The name commemorates the Battle of Trafalgar (1805), a British naval victory of the Napoleonic Wars over France. The original name was to have been "King William the Fourth's Square", but George Ledwell Taylor suggested the name "Trafalgar Square"
St. Paul's Cathedral
St Paul's Cathedral, London, is a Church of England cathedral, the seat of the Bishop of London and mother church of the Diocese of London. It sits at the top of Ludgate Hill, the highest point in the City of London. Its dedication to Paul the Apostle dates back to the original church on this site, founded in AD 604. The present church, dating from the late 17th century, was designed in the English Baroque style by Sir Christopher Wren. Its construction, completed within Wren's lifetime, was part of a major rebuilding program which took place in the city after the Great Fire of London
The cathedral is one of the most famous and most recognisable sights of London, with its dome, framed by the spires of Wren's City churches, dominating the skyline for 300 years. At 365 feet (111 m) high, it was the tallest building in London from 1710 to 1962, and its dome is also among the highest in the world. In terms of area, St Paul's is the second largest church building in the United Kingdom after Liverpool Cathedral.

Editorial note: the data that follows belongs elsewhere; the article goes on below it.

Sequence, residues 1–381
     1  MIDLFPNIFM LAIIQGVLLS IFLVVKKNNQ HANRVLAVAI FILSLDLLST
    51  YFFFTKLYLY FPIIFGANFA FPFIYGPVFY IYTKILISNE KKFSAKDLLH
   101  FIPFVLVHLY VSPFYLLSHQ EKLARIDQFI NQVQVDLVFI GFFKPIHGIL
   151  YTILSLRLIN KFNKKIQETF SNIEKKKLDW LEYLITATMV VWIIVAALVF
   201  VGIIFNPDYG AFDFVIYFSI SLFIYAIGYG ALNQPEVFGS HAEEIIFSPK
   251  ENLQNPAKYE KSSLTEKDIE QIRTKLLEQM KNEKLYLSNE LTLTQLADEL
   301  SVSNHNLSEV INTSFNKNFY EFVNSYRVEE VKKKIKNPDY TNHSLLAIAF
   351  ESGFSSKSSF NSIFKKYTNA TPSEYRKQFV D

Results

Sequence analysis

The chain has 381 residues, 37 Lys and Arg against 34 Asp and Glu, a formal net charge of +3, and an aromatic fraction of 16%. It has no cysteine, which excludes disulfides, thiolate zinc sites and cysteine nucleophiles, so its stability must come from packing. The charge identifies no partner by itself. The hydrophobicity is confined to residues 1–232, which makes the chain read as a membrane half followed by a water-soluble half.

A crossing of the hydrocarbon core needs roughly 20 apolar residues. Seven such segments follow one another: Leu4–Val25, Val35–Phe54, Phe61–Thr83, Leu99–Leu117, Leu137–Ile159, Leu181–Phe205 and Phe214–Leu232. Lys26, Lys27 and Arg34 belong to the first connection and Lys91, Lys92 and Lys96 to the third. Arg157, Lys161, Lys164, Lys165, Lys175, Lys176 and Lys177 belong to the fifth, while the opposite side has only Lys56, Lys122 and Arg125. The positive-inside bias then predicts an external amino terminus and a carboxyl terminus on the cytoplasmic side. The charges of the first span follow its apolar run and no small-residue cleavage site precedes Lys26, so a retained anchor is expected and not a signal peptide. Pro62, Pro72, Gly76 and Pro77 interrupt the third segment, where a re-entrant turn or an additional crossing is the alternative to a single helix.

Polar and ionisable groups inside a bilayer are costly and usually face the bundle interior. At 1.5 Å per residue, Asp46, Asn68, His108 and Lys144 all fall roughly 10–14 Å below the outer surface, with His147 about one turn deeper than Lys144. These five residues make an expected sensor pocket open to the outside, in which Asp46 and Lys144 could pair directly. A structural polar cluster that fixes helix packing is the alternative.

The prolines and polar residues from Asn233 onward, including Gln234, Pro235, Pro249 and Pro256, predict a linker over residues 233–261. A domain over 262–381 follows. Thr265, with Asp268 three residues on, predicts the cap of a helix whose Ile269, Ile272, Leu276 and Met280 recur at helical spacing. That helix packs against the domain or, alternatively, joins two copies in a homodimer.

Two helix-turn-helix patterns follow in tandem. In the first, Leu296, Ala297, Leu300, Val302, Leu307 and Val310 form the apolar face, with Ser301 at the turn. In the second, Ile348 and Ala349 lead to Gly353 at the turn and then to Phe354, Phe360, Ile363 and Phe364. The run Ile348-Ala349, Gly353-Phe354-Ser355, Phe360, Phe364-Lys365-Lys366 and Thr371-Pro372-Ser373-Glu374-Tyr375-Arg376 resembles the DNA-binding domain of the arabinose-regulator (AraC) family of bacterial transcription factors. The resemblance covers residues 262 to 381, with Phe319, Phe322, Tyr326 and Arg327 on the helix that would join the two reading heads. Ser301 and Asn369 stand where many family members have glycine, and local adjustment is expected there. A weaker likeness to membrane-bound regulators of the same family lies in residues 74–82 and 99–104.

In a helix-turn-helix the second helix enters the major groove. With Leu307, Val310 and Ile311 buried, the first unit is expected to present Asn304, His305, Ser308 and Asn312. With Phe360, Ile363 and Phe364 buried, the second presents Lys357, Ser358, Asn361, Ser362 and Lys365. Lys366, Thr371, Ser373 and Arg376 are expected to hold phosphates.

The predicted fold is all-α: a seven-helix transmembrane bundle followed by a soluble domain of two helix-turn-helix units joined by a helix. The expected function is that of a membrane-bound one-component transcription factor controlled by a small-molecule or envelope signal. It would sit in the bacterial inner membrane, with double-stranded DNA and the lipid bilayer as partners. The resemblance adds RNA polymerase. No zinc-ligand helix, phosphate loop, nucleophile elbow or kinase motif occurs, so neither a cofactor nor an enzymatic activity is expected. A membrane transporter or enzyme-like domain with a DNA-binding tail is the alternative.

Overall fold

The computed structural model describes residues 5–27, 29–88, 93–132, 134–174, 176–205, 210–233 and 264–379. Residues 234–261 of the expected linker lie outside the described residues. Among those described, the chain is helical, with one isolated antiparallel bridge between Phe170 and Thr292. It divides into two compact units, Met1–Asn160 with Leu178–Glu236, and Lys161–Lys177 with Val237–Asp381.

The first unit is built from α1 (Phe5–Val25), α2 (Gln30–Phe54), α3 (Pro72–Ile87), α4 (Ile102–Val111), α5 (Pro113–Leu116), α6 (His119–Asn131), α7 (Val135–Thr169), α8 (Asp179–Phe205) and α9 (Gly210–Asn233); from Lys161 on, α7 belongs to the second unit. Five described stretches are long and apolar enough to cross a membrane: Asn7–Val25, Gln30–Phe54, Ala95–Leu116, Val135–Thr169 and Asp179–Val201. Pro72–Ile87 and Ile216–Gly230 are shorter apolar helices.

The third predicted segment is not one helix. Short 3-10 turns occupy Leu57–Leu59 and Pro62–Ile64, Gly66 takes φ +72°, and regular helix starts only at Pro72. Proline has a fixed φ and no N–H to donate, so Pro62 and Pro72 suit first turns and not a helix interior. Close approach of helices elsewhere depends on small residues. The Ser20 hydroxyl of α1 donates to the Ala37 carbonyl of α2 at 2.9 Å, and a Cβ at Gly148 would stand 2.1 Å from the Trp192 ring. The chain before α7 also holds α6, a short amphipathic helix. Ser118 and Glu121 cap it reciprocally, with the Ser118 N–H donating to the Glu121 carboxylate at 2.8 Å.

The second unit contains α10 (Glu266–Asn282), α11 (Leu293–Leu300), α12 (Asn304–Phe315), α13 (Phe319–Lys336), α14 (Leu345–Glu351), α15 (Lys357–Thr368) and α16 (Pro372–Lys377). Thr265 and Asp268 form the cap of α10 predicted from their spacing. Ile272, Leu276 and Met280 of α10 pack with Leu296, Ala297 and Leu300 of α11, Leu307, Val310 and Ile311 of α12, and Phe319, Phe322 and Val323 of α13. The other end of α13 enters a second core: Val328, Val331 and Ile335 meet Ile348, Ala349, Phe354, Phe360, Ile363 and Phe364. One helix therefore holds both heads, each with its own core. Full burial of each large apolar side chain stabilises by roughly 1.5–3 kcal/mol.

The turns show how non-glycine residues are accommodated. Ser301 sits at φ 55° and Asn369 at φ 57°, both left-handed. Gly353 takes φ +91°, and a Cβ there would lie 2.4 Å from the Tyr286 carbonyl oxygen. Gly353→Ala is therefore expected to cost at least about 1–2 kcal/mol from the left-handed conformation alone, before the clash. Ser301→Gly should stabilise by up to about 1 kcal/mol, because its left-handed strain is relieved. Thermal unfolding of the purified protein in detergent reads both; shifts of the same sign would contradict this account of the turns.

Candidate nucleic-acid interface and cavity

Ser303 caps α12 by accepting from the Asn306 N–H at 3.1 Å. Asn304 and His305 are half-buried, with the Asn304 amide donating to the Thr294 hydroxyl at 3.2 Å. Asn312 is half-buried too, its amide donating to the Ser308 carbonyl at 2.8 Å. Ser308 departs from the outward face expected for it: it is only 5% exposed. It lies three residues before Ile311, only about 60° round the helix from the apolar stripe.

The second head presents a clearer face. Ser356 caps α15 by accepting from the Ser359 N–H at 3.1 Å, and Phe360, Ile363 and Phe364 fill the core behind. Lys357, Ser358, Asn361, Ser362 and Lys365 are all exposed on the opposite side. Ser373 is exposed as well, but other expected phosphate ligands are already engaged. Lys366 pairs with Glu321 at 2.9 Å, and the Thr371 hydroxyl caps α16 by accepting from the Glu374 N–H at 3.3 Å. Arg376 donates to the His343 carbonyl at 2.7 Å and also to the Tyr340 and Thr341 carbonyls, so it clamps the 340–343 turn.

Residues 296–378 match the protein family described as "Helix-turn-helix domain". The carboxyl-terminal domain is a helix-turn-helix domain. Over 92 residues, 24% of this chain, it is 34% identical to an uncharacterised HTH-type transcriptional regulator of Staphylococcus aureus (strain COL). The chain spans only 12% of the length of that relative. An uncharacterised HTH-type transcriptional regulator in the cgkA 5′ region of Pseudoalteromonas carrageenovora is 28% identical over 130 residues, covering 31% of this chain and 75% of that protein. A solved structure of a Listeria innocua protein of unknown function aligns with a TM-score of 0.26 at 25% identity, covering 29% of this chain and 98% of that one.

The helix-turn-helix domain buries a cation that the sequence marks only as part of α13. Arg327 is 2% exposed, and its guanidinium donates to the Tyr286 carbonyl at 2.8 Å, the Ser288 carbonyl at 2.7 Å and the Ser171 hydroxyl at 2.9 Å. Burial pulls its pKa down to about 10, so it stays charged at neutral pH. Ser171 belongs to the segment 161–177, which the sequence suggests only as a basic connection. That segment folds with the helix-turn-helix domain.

Madame Tussauds is a wax museum in London with branches in a number of major cities. It was founded by wax sculptor Marie Tussaud and was formerly known as "Madame Tussaud's"; the apostrophe is no longer used. Madame Tussauds is a major tourist attraction in London, displaying waxworks of historical and royal figures, film stars, sports stars and infamous murderers. Madame Tussauds is owned an operated by Merlin Entertainments.
The National Gallery
The National Gallery is an art museum on Trafalgar Square in London. Founded in 1824, it houses a collection of over 2,300 paintings dating from the mid-13th century to 1900. The Gallery is an exempt charity, and a non-departmental public body of the Department for Culture, Media and Sport. Its collection belongs to the public of the United Kingdom and entry to the main collection is free of charge. It is the fifth most visited art museum in the world, after the Musée du Louvre, the Metropolitan Museum of Art, the British Museum and Tate Modern.The present building, the third to house the National Gallery, was designed by William Wilkins from 1832–8. Only the façade onto Trafalgar Square remains essentially unchanged from this time, as the building has been expanded piecemeal throughout its history. Wilkins's building was often criticised for its perceived aesthetic deficiencies and lack of space; the latter problem led to the establishment of the Tate Gallery for British art in 1897. The Sainsbury Wing, an extension to the west by Robert Venturi and Denise Scott Brown, is a notable example of Postmodernist architecture in Britain. The current Director of the National Gallery is Nicholas Penny.